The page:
Covid-19 infected elderly patients on ventilators have low survival rates: Report


Washington D.C. (USA) 

Most people in their advanced age, especially among those who are infected by the novel coronavirus and are suffering from some underlying disease such as hypertension, diabetes, heart disease, and obesity, have lower rates of survival, even if they are put on ventilators, a study said.

The Washington Post cited the study, published in the Lancet, on Tuesday, saying that most elderly Covid-19 patients put on ventilators at two New York hospitals did not survive.
"We had no idea how horrific this would be," Max O'Donnell, the senior author of the study and a pulmonologist at Columbia University Irving Medical Center, was quoted by the Post.
"Definitely not just the flu," he added.

The research focused on 257 critically ill adults, representing a little under one-quarter of the confirmed coronavirus patients admitted at the two hospitals in northern Manhattan between March 2 and April 1. The median age of critically ill patients was 62 years, and two-thirds of them were male.
Of the critically ill patients studied, 39 percent had died by April 28, and 37 percent remained hospitalized at Milstein and Allen hospitals.

No critically ill patients under the age of 30 died at the two hospitals, O'Donnell said, and only a small number of them had to be put on ventilators. But more than 80 percent of people over 80 who went on a ventilator did not survive, he said.
That fact, he said, should be shared with elderly patients and their family members when trying to decide whether to use the invasive procedure to treat severe illness associated with COVID-19, the disease caused by the novel coronavirus.

"It's a difficult conversation, obviously," O'Donnell said further.
In the second finding, the study also said that discharge and mortality rates for the most critically ill patients have varied widely among hospital systems.
Doctors told the Post that mortality rates -- which range from 50 percent to 97 percent in published studies -- probably reflect different regions' demographics and the varied treatment practices in the early days of the outbreak when doctors were writing and rewriting treatment protocols on the fly almost every day.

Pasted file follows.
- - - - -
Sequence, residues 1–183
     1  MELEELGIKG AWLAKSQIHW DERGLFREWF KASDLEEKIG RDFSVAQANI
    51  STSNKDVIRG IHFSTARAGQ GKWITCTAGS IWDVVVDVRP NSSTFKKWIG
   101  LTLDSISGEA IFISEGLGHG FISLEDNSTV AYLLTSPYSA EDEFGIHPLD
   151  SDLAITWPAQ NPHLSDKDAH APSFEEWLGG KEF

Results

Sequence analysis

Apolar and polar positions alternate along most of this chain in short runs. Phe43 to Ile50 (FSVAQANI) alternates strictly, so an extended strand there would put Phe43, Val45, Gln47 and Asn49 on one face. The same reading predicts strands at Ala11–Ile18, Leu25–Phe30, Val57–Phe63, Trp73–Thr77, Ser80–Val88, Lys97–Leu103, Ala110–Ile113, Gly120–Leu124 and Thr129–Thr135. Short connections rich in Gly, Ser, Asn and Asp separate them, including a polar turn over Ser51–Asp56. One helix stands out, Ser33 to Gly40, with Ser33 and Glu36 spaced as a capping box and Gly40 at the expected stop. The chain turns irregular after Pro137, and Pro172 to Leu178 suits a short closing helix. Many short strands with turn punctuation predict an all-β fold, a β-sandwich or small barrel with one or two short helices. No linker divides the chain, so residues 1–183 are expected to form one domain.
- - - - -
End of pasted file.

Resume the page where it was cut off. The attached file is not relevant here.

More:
"The mortality rate [for patients on ventilators] creeps up to 70 percent when you're over the age of 70," Thomas McGinn, deputy physician in chief at Northwell Health, said Tuesday, told the Lancet.
"If your mom's 85 and not well, they should know what the potential is for surviving before they have a ventilator placed," he added.

The study further appeared to confirm associations between a patient's risk of death and markers for inflammation and coagulation in laboratory analyses of their blood samples. Doctors have been reporting in recent months that some COVID-19 patients are suffering from clots that can lead to strokes or respiratory arrest.

The obesity rate is among the striking features of the new research. Among critically ill patients under the age of 50 who were admitted to the hospitals, 71 percent were obese.
Harlan Krumholz, a professor of medicine at Yale School of Medicine, said the Lancet study "gives a perspective on the devastating nature" of COVID-19, and "should give pause to anyone who wants to dismiss SARS-CoV-2 as less than a major threat to health."

COVID cases globally surpassed 5 million on Wednesday, with Latin America overtaking the United States and Europe in the past week to report the largest portion of new daily cases globally.
Latin America accounted for around a third of the 91,000 cases reported earlier this week. Europe and the United States each accounted for just over 20 percent, representing a new phase in the virus' spread, which initially peaked in China in February, before large-scale outbreaks followed in Europe and the United States.
A large number of those new cases came from Brazil, which recently surpassed Germany, France and the United Kingdom to report the third-largest novel virus outbreak, behind the United States and Russia, across the globe.

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